In the late winter of 1965, when Gibbins was 16, an opportunity arose for him to move up to one of the more promising of the local bands on the Swansea music scene. The Iveys were a quartet led by guitarist/singer Pete Ham, and were starting to build a reputation around Swansea and get more and better gigs -- but their drummer, Terry Gleeson, had taken a new job in early 1965 that interfered with his availability. As a result, the group was in the market for a new drummer, and Iveys bassist Ron Griffiths met with Gibbins and invited him to audition. He passed, and joined at age 16. His youth notwithstanding, Gibbins was a strong drummer who gave the band a much more muscular sound; his style was similar to that of Ringo Starr of the Beatles, direct and unpretentious with a strong backbeat.
By 1966, the Iveys were a popular attraction on the London club scene, and they added the services of manager Bill Collins, who, among other things, encouraged them to compose their own material. Ham proved a remarkably gifted songwriter, authoring bold, infectious melodies and creating luminous harmonies in conjunction with bassist Tom Evans, who joined the lineup in 1967. While his bandmates explored composition, Gibbins learned piano and guitar. He also spent some time in hospital after a post-show road accident, losing his front teeth in the process.
He was with the Iveys from their early days of exposure, backing the singer David Garrick, through their initial contact with the Beatles' Apple Records and their signing in 1968, and then the long stretch of time from their abortive debut album (Maybe Tomorrow) to their name change to Badfinger, the latter coinciding with Griffiths' departure and Joey Molland's joining the band as lead guitarist (with Evans switching to bass). They broke through to the British and American Top Ten with the Paul McCartney-composed Come and Get It. The group followed this up in 1970 with their LP masterpiece No Dice, scoring a major hit with the crunching pop classic No Matter What. The album also featured the luminous ballad Without You, later covered by artists from Harry Nilsson to Mariah Carey. George Harrison produced much of the superb follow-up, Straight Up (with Todd Rundgren producing the remainder), and Gibbins and his bandmates returned the favor by playing on the former Beatle's solo masterpiece All Things Must Pass, and also serving as the backing unit at Harrison's Concert for Bangladesh.
But by 1973, amid the chaos that surrounded Apple's business and creative affairs, the band was ready to leave the label that had fostered its first flash of success. They were encouraged toward the door by their new manager, Stan Polley, who was eager to get them into a new contractual situation and alienated supporters like Harrison by negotiating a deal with Warner Bros. even as the band continued to work with Apple on a proposed new album. The result, when the smoke cleared, was that two new Badfinger albums showed up in stores within weeks of each other, Ass from Apple and Wish You Were Here from Warner Bros. It was an awkward situation for the band and a confusing one for its fans, which quickly turned into a debacle when it was discovered that Polley -- an infamously unscrupulous character -- had siphoned untold sums of money from the group's coffers, emptying an escrow account and forcing Warner Bros. to withdraw Wish You Were Here within weeks of its release.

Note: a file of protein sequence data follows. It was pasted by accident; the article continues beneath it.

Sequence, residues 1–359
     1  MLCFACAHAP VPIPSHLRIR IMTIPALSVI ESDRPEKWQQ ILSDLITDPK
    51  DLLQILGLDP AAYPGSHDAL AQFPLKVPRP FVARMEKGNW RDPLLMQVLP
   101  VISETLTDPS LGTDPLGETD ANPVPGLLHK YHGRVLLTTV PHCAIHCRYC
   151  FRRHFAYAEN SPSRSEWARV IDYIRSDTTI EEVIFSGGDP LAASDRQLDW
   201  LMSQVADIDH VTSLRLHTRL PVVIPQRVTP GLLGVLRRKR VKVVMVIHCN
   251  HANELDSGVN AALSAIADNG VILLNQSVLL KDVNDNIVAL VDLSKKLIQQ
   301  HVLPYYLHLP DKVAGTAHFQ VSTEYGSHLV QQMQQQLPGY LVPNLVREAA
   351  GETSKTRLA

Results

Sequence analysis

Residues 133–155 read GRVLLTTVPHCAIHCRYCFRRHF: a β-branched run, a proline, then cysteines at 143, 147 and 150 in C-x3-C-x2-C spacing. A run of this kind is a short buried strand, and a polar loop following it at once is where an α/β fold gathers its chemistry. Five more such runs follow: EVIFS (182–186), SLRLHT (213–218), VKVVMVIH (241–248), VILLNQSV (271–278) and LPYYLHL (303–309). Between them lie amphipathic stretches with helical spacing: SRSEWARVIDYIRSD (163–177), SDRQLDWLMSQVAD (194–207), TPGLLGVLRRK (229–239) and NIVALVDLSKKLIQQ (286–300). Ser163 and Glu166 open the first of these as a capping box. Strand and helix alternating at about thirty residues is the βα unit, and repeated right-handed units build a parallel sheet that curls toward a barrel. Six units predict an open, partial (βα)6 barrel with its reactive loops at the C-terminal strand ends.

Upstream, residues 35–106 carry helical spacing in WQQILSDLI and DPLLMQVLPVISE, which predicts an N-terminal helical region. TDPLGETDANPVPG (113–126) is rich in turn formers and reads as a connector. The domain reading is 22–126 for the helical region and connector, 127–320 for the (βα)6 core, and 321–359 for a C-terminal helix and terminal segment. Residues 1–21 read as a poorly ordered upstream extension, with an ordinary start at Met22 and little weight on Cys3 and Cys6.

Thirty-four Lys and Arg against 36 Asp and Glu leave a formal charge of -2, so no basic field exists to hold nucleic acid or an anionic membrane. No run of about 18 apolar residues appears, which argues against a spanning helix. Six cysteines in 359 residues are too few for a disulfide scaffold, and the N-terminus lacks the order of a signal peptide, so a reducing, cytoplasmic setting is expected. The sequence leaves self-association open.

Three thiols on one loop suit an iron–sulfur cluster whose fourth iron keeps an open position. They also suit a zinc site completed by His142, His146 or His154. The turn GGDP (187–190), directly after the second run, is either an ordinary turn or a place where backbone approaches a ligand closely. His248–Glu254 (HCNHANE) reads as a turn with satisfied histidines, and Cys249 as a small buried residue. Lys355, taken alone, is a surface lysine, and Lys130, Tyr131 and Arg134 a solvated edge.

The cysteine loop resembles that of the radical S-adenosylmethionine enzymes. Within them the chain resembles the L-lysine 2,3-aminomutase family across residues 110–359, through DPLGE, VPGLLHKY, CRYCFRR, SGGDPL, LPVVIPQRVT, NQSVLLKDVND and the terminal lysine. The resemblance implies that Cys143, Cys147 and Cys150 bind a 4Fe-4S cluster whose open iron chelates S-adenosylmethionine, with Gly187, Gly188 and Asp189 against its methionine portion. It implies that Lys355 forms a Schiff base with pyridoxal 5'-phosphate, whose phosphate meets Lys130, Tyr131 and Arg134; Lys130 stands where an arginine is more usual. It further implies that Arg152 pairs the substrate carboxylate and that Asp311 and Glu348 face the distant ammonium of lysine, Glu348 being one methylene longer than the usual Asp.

Ironically, these should have been relatively heady days for Gibbins, who had begun writing songs by then, two of which -- Cowboy and You're So Fine -- turned up on their albums Ass and Wish You Were Here, respectively. Additionally, his singing voice had actually shown up on these records, and by rights the drummer should have been enjoying the limelight. That was far from the case for any of the bandmembers, however, as Polley had disappeared from view (and later disappeared, period), and their finances were in ruins, with even their Apple earnings lost in the hopelessly tangled business affairs of the soon-to-be-inactive Beatles label. Badfinger forged on, working on a new LP provisionally titled Head First. At least five of Gibbins' original songs were recorded at the sessions, but the album was shelved and was not released in any form until 2000. Gibbins left the band in late 1974 following a spat with Evans, and the rest of Badfinger's sad tale is well documented: a disconsolate Ham hung himself in 1975; Evans and Molland kept a version of the group going, intermittently, into the late '70s and early '80s; and after a violent argument with Molland, Evans likewise committed suicide in 1983.
Gibbins had remained busy doing occasional session work, including playing on Bonnie Tyler's hit It's a Heartache in 1978. He also worked on demos of his original songs, but a label deal was not forthcoming. Gibbins remained a respected session drummer, appearing on dates headlined by singers like Digby Richards and David Tipton before relocating to the south Florida area. In 1984 he joined Molland and latter-day Badfinger guitarist/keyboardist Bob Jackson as part of a tour celebrating the 20th anniversary of the British Invasion. Gibbins even made it to the Bottom Line in New York as part of a British Invasion revival package show that also included Billy J. Kramer and Gerry Marsden. The drummer also built a home recording studio and in 1998 issued his first solo record, A Place in Time. More Annoying Songs and In the Meantime followed, but on October 4, 2005, Gibbins died of natural causes at his home in Oviedo, Florida. He was 56. ~ Jason Ankeny & Bruce Eder, Rovi
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